INDIAN TRAIL Matt Wogan is in seventh grade at Porter Ridge Middle School. He’s played soccer since he was 4, but this is his first season of football. The sixth-grade punter is booting the ball to him and Wogan can’t throw as far as the sixth-grader can kick. So the punter asks Wogan to bring the ball to him.
Repeatedly running the ball back to the punter isn’t football as Wogan envisions it. So he punts. Coach Jeff Newton turns as the ball is in the air and watches it sail higher and farther than a middle-school punt has a right to.
Newton asks: Who kicked it? Wogan admits he did. Newton tells him to punt it again.
“You hear about a ball coming off the bat, and how for some hitters it sounds different,” Newton, now the running backs coach at Porter Ridge high, says. “The ball sounded different coming off Matt’s foot.”
Thus did the two-kick audition end.
“You’re our punter,” Newton tells Wogan.
Wogan wasn’t thrilled. He wanted to tackle and block.
Wogan is now a senior for the 13-1 Porter Ridge Pirates, who Friday night play undefeated New Bern at Kenan Stadium for the N.C. 4A championship. Wogan will punt, kick off and kick field goals.
He also will start at tight end. But kick is what he does best, although he does many things well. He acknowledges almost reluctantly as we talk in the school’s weight room that his grade point average is “4.2, 4.3, somewhere around there.”
Chris Sailer, of Chris Sailer Kicking, ranks Wogan the country’s No. 2 kicker and No. 7 punter. Wogan accepted a scholarship from Oregon, one of the country’s elite programs, where he hopes to kick, kick off and punt.
Ever think that if you hadn’t punted in practice you might not have been discovered?
“That’s very possible, it really is,” Wogan says. “I haven’t ever thought about that. I guess I’ve taken it for granted but at the same time everything happens for a reason.”
One reason the Pirates beat North Davidson 34-27 last week is because of the work of their special teams. Six of Wogan’s seven kickoffs went for touchbacks. He punted twice, each 53 yards, and added two field goals.
The game was played in Welcome and it was like Welcome, Matt.
Late in the second quarter Porter Ridge faced a fourth and 7 from the North Davidson 41. Head coach Blair Hardin could go for a first down, punt or attempt a 58-yard field goal.
“He’s a captain for a reason,” Hardin says.
As tight end Wogan, who is 6-2 and 200 pounds, already was on the field. He saw Hardin look at him. Wogan looked back and simulated a kick.
Wogan didn’t adjust his form or try too hard. His previous long was 56 yards.
On film the 58-yard attempt looks as if it would have carried another 4 or 5 yards after it cleared the goalposts.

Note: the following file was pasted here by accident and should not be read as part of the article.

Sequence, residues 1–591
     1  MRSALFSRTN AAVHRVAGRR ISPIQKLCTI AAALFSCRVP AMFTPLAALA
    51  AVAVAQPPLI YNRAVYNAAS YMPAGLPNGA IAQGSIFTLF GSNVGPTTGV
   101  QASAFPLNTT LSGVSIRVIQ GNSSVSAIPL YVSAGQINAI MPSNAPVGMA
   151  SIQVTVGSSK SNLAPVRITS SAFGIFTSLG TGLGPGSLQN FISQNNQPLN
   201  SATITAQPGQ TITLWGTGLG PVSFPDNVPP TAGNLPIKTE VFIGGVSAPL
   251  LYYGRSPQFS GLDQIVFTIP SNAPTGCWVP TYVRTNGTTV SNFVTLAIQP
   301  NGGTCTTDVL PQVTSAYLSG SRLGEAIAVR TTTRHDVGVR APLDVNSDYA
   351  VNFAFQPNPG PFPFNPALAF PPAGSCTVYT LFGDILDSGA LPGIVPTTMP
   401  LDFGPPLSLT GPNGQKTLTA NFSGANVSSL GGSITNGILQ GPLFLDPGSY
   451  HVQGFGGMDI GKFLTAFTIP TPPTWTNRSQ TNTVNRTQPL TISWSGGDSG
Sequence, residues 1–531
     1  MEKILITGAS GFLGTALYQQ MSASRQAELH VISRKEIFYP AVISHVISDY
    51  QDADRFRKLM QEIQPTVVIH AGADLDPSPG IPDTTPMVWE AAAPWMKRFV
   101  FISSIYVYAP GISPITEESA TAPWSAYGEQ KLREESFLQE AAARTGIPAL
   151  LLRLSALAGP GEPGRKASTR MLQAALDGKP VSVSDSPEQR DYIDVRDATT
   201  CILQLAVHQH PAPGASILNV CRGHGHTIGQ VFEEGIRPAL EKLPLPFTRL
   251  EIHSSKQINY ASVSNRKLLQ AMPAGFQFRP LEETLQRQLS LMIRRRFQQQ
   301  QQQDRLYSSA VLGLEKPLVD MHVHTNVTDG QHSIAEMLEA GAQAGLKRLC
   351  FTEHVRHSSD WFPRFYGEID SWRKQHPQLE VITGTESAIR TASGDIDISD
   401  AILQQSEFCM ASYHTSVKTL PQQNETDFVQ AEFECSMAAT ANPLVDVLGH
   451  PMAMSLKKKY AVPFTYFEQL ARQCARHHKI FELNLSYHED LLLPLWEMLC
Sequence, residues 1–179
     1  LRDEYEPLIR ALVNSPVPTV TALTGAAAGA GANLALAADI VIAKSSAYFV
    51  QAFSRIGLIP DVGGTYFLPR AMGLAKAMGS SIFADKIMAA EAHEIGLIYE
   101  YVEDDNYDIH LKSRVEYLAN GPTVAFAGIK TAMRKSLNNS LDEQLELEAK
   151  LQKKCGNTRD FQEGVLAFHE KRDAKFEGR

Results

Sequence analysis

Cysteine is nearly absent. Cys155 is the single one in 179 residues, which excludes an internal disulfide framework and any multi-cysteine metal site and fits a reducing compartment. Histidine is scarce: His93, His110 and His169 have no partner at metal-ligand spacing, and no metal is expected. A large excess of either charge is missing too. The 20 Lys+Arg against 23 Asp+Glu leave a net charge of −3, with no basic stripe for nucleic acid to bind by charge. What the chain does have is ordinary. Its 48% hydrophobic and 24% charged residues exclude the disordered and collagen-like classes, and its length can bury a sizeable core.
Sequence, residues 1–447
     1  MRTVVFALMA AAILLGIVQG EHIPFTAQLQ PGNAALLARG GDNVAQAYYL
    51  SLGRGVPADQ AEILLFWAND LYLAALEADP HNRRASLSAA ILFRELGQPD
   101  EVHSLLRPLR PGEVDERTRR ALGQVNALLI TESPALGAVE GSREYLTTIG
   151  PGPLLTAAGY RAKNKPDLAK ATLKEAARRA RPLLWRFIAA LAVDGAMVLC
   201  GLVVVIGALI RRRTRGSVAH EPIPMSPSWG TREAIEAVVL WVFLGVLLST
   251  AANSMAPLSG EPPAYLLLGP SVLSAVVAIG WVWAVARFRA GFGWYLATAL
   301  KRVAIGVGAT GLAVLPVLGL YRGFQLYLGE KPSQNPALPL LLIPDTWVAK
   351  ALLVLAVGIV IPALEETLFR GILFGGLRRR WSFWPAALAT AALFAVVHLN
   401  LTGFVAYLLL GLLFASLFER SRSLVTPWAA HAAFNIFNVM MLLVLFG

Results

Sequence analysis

“I knew it was going to be good,” says Wogan. “I just felt it.”
He would add a second-half chip shot from 49 yards.
“He’s impressive,” says Jeff Reed, who watched Wogan this season when Porter Ridge played Marvin Ridge.
Like Wogan, Reed is a former soccer star, Reed kicked for East Mecklenburg as a senior and for North Carolina. Reed also kicked from 2002-09 for the Pittsburgh Steelers and has two Super Bowl rings to prove it.
A free agent who hopes to return to the league, Reed he still practices Sundays, game days, at 1 p.m.
“Some high schools have a linebacker kicking extra points,” Reed, 33, says Friday as he drives from his Charlotte home to Pittsburgh. “With the touchbacks and the long field goals, he (Wogan) has to have one of the strongest legs of any high school kicker in the country.”
How long can Wogan kick? His record, set in a competition at a camp outside Atlanta, is 65 yards.
“That probably was one of the best feelings in my life,” Wogan says.
He didn’t celebrate. He didn’t want the other kickers to think he was excited. Sixty-five yards? Hey, he was just getting loose.
Says Hardin: “When coaches talk they usually ask, ‘How’s your quarterback?’ or ‘How’s your running back?’ Other coaches ask me, how’s your kicker?”
In practice Wednesday Wogan kicks field goals, punts, plays tight end and as a defender on the scout team. He struggles with his kickoffs. He struggles not to blast them out of the end zone. If he does, he’ll get yelled at. Return teams need work, too.
Distance appears to be a theme. Wogan was recruited by almost everybody in the state and region that needed his services. But when he flew to Eugene, Ore., for a kicking camp, he was mesmerized before he left the airplane.
The fields reminded him of Clarinda, Iowa, where his father grew up and where they visit every summer. Easy access to the ocean and mountains reminded him of North Carolina. When the Ducks offered, Wogan accepted.
“I just knew,” he says.
Some of us have a gift. The fortunate discover it and work to develop it. Wogan is a weight-room regular, going deep on his squats to enhance flexibility as well as strength.
“I mean, Michael Phelps didn’t get where he’s at because he has huge feet and long arms and long legs,” says Wogan. “You have to work for it. If he did nothing with it he wouldn’t have anything.”
If Jeff Newton didn’t discover Wogan as a seventh-grader, what would Wogan have?
“He'd be kicking," Newton says with a laugh. "As good as he has somebody would noticed. I’ll tell you that. But I’m not going to tell him.”